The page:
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Peace Like A River: (7&8) Late in the Night When The Fires Are Out and A Boy On A Horse October 3, 2006

Posted by Han in Peace Like A River by Leif Enger.

Here we will discuss chapters 7 and 8



1. Nicole - October 4, 2006

I really liked the role of the lawyer and his wife–the DeCuellars. They were the help the Land’s needed. They were the family that needed to adopt them. The description of coming to their house for breakfast was fun, you could almost taste that peach pie! 🙂 I also loved the part about Mr. DeCuellar playing with Swede and Rueben, right at their level.

Also, in these chapters I really see a time where Swede grows up a bit more and becomes a little more like the older sister. The way she views the trial, its with maturity, like she knows what’s going to happen. Rueben keeps looking to her for what she thinks is going to happen, I thought it was interesting. It also cracked me up when they hatched a plan to break Davy out and stole the steak knives. What a hoot!

2. Karen - October 5, 2006

The part in the trial where he realizes his brother had provoked the boys into coming into the house the night of the murder was gut wrenching. It’s so tough when you realize that your hero really isn’t so perfect as you thought.

Also the witness stand…I sat there once for a minor traffic accident case at 15 years old and it was terrifying! Imagining the thought process of a 9 year old boy thinking he is defending the honor of his brother and then, too late, realizing that he has handed him over to prison brings a pain to my heart. And he knows he has disappointed the lawyer who had been so kind and generous to the kids.

3. Ashleigh - October 5, 2006

I grow more and more impressed with Leif Enger’s writing with each page. During these two chapters I made quite a few notes, but will only touch on a few. Here goes …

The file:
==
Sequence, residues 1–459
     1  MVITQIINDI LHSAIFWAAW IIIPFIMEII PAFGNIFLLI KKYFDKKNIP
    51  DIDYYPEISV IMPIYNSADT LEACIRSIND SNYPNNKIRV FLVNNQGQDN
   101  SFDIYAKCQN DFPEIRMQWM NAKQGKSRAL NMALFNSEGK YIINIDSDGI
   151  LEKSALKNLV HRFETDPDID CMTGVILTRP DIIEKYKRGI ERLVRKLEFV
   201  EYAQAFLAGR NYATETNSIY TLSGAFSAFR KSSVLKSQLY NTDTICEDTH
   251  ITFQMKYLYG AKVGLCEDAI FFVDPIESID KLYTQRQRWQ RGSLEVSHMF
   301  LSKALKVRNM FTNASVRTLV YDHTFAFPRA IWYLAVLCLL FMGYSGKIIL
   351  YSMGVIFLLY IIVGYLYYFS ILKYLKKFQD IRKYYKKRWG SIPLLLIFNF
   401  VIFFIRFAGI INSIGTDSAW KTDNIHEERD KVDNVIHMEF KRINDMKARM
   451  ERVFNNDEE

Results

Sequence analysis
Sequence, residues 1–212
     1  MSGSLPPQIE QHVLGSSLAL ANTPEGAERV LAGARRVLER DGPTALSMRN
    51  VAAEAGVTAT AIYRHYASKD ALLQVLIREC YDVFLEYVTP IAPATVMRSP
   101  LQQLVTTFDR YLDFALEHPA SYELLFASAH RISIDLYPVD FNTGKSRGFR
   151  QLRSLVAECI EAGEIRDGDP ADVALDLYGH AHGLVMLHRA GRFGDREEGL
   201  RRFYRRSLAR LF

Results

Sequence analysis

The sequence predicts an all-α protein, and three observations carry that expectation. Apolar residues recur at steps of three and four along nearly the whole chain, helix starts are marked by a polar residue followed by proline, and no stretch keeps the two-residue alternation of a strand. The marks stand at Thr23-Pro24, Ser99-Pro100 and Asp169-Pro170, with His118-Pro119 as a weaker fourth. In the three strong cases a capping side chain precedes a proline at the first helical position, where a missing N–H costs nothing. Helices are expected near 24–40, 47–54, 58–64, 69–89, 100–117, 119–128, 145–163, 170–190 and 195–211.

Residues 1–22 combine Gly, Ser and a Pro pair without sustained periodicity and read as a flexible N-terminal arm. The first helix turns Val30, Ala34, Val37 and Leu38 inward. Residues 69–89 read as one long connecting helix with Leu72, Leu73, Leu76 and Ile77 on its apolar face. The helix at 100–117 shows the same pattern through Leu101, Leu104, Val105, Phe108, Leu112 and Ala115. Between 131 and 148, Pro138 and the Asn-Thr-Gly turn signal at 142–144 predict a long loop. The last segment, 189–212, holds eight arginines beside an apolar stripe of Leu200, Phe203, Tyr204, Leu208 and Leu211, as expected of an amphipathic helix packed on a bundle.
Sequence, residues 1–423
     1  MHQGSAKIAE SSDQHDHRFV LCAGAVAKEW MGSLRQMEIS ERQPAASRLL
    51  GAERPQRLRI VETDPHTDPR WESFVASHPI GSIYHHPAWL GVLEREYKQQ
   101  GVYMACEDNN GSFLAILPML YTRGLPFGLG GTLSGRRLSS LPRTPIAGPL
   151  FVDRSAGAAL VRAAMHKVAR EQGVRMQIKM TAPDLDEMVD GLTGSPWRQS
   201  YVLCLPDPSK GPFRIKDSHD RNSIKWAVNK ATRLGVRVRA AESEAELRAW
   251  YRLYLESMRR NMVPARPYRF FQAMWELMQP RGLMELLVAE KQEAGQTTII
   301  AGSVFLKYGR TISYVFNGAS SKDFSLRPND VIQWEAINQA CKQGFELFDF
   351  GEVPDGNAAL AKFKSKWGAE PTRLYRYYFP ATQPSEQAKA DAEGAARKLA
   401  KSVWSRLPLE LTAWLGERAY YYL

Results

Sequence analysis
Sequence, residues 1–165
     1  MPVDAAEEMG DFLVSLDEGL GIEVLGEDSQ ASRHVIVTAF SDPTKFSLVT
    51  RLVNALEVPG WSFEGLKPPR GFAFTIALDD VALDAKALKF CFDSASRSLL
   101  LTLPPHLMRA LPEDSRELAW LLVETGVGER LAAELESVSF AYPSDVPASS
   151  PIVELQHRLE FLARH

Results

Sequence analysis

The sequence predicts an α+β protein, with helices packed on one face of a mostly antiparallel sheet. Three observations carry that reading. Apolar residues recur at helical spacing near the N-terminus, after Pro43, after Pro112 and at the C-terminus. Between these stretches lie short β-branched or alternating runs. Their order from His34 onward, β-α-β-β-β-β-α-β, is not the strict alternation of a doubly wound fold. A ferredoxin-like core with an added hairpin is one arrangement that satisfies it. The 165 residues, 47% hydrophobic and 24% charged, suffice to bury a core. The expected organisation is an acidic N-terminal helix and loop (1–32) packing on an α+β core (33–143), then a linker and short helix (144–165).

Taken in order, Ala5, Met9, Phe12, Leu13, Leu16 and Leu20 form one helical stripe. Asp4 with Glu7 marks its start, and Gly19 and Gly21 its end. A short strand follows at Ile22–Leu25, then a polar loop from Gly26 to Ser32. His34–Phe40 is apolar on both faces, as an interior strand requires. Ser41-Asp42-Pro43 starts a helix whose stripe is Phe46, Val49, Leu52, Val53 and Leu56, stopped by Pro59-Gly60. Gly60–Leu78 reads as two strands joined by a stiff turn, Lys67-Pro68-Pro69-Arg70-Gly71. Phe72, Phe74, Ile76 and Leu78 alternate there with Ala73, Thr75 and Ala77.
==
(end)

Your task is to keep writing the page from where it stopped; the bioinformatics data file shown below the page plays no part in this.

On page 85, when Reuben finds out that Davy broke the windows in Israel’s car, he thinks back to how Davy had the Winchester in bed with him. He says, “Of course he’d taken it to bed. I saw it now. He knew they were coming. He’d issued them an invitation.” Immediately I thought back to earlier in the book (p. 25) when Jeremiah has a discussion with his kids about escalation and tells them that they will do “Nothing; of course nothing! What those fellows don’t realize is, we’ve already won. The victory is ours.” This really does speak of how Jeremiah’s trust was in what the Bible tells us — that vengence is the Lord’s.

The issue of pride and humility as it relates to Reuben on the witness stand was powerful. Love the quotes, “Pride is the rop God allows us all” (p. 89) and “I saw it happening but could not stop it. Humility came to me too late. I’m a living proverb; learn from me.”

Also, did anyone else want to chuckle at this passage on page 97 when Reuben says, “At this crossroads in his life he would in fact leave law enforcement to begin a new career as a school janitor over in Roofing. The district was hiring, you see.” For some reason, the line “The distric is hiring, you see” hit me funny. It seemed like a form of dry humor.

Lastly, it occured to me that while Jeremiah has been serving as a janitor, the love for knowledge and learning he once demonstrated in school is something he’s passed on to his children. I saw this in the kids pulling out books at the DeCuellars’ house.

4. Heather - October 5, 2006